AMS 341 Fall 2018
AMS 341, Operations Research I: Deterministic Models Fall 2018
Class Time and Place: TTh 11:30 -12:50 pm, Harriman 137
Instructor: Prof. Alan Tucker
Office: Eng 127 (back right corner room);
Office Hours:TuTh 1:00-2:20, Wed 11am - 1pm, Fri 10am - noon, and by appointment.
How to Reach Prof. Tucker: telephone: 2-9941; e-mail: email@example.com
Course Assistants-- all office hours in Harriman 132:
Wesley.Suttle@stonybrook.edu , Mon & Wed 5:30-6:30 pm, grades students with last names starting A-F
Elle.ButlerBasner@stonybrook.edu, Thurs 3-5 pm, grades last names G - Li (up to Li, Zifan)
Jonathan.Krog@stonybrook.edu, Tues Fri 2:30-3:30 pm , grades last names Liao - Shen
Nicole.Soder@stonybrook.edu ,Wed 1-3 pm, grades last names Sheridan - Z
Course Text: Operations Research , by Wayne L. Winston, 4th edition.
Tests: one mid-term and a (non-cumulative) final. The final is Friday,
Dec. 19th, 11:15am-1:45pm in regular classroom. Tests will be closed book
but a one-page sheet of notes will be permitted for the final. The mid-term counts 35% of the grade and the final 50% of the grade.
Homework: There will be 9 homework assignments, due approximately weekly. They will count about 15% of the grade.
Homework will be submitted through Blackboard and graded with scores of 5,4,3,2,1,0.
Software: LP's can be solved by many software programs. The textbook
uses Lindo and you can download 'classic' Lindo free at www.lindo.com
Americans with Disabilities Act: If you have a physical,
psychological, medical or learning disability that may impact your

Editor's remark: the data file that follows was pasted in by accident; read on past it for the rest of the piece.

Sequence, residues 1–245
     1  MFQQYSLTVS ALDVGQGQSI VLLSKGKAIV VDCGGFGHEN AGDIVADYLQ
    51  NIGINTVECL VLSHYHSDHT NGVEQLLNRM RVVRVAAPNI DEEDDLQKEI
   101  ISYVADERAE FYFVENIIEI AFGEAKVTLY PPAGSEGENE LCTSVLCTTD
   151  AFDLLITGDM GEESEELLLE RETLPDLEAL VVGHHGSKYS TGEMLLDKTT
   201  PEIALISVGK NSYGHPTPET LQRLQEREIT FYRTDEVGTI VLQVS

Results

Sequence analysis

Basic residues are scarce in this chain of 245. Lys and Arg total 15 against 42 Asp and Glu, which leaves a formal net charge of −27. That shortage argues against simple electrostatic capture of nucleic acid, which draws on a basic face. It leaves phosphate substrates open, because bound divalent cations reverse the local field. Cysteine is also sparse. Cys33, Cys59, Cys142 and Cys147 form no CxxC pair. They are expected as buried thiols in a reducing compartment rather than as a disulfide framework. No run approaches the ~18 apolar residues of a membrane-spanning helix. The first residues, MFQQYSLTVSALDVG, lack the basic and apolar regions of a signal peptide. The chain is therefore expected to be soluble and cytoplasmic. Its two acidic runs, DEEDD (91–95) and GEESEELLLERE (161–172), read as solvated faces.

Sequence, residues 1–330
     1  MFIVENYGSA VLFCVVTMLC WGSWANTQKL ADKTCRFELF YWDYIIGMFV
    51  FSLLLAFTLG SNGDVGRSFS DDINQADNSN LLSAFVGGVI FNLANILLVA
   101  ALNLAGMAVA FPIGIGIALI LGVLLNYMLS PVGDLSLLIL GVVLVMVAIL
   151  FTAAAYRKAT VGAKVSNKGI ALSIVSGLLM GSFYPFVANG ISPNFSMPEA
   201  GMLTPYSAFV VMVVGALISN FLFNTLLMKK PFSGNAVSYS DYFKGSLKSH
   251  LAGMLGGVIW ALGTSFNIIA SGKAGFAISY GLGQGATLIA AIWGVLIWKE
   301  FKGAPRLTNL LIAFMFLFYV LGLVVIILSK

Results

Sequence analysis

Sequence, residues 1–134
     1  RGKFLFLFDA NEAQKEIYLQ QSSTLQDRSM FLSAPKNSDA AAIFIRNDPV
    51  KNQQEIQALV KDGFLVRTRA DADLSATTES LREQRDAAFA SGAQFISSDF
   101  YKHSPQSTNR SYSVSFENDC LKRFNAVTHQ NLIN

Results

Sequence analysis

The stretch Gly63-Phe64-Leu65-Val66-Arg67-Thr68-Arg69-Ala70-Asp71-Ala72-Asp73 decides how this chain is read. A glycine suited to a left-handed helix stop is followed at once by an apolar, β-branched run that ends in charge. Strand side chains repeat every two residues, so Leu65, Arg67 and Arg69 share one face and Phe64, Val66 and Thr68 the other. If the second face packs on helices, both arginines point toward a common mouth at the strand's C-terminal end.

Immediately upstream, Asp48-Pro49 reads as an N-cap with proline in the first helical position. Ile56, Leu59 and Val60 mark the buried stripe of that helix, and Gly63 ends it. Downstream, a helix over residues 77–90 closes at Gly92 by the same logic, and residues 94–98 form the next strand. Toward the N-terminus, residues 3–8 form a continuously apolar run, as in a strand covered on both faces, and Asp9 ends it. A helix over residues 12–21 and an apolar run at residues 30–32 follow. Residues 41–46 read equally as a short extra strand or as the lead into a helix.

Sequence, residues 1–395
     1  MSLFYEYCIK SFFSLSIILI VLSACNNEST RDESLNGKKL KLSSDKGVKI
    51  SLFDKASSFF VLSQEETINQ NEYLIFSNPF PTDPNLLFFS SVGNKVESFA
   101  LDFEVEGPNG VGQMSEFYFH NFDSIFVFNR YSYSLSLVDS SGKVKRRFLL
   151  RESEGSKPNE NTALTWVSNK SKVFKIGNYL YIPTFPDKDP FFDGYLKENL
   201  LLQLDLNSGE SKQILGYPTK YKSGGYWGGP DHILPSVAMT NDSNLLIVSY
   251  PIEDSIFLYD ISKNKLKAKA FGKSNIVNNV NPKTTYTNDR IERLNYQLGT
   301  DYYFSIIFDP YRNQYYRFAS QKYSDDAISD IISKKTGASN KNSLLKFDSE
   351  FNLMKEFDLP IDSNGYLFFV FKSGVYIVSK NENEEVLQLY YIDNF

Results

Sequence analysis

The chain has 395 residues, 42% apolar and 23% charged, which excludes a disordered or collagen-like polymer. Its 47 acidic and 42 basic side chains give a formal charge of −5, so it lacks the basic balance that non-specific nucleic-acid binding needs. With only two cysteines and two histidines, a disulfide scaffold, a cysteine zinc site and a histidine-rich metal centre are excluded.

course work, please contact Disability Support Services,
ECC(Educational Communications Center) Building, Room 128,
(631)632-6748. They will determine with you what accommodations, if
any, are necessary and appropriate. All information and documentation
Academic Integrity: Each student must pursue his or her academic
goals honestly and be personally accountable for all submitted work.
Representing another person's work as your own is always wrong.
Faculty is required to report any suspected instances of academic
dishonesty to the Academic Judiciary. Faculty in the Health Sciences
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Welfare, Dental Medicine) and School of Medicine are required to
follow their school-specific procedures. For more comprehensive
information on academic integrity, including categories of academic
dishonesty please refer to the academic judiciary website at
Critical Incident Management: Stony Brook University expects students
to respect the rights, privileges, and property of other people.
Faculty are required to report to the Office of University Community
Standards any disruptive behavior that interrupts their ability to
teach, compromises the safety of the learning environment, or
inhibits students' ability to learn.
COURSE OUTLINE: The following topics will be covered: (Background
recommended reading Chapters 1-2), LP formulations (Chapter 3), The Simplex
method (Chapter 4), Sensitivity analysis (Chapter 5 Sections
1-3) Duality, (Chapter 6, Sections 4-8), Transportation and Assignment problems
(Chapter 7 Sections 1-3, 5), Integer programming (Chapter 9 Sections 1-4, 8)
and Dynamic Programming (Chapter 13, Sections 1-2, 4-5).
1.Become familiar with the many optimization problems arising in diverse settings that can modeled as linear programs, and
gain experience in constructing mathematical models for an array of such optimization problems.
* Maximizing income subject to supply constraints;
* Minimizing costs subject to minimum requirements;
* Scheduling problems;
* short-term and long-term financial planning problems;